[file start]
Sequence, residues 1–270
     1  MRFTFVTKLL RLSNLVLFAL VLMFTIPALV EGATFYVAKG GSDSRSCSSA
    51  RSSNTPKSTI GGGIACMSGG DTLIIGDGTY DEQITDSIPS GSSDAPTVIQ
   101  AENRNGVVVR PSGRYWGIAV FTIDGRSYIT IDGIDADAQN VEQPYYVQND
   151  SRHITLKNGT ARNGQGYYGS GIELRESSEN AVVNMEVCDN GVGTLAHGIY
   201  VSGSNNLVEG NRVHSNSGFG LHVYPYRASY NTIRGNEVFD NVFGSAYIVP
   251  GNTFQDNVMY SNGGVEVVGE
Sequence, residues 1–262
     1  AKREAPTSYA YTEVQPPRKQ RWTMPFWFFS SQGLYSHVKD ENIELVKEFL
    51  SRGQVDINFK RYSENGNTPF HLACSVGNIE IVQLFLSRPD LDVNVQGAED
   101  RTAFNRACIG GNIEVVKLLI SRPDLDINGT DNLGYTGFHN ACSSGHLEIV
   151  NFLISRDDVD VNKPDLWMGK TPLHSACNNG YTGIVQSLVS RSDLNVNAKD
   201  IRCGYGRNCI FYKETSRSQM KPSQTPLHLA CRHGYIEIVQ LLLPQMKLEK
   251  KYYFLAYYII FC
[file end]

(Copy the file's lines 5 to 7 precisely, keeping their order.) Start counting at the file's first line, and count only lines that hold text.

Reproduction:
   151  SRHITLKNGT ARNGQGYYGS GIELRESSEN AVVNMEVCDN GVGTLAHGIY
   201  VSGSNNLVEG NRVHSNSGFG LHVYPYRASY NTIRGNEVFD NVFGSAYIVP
   251  GNTFQDNVMY SNGGVEVVGE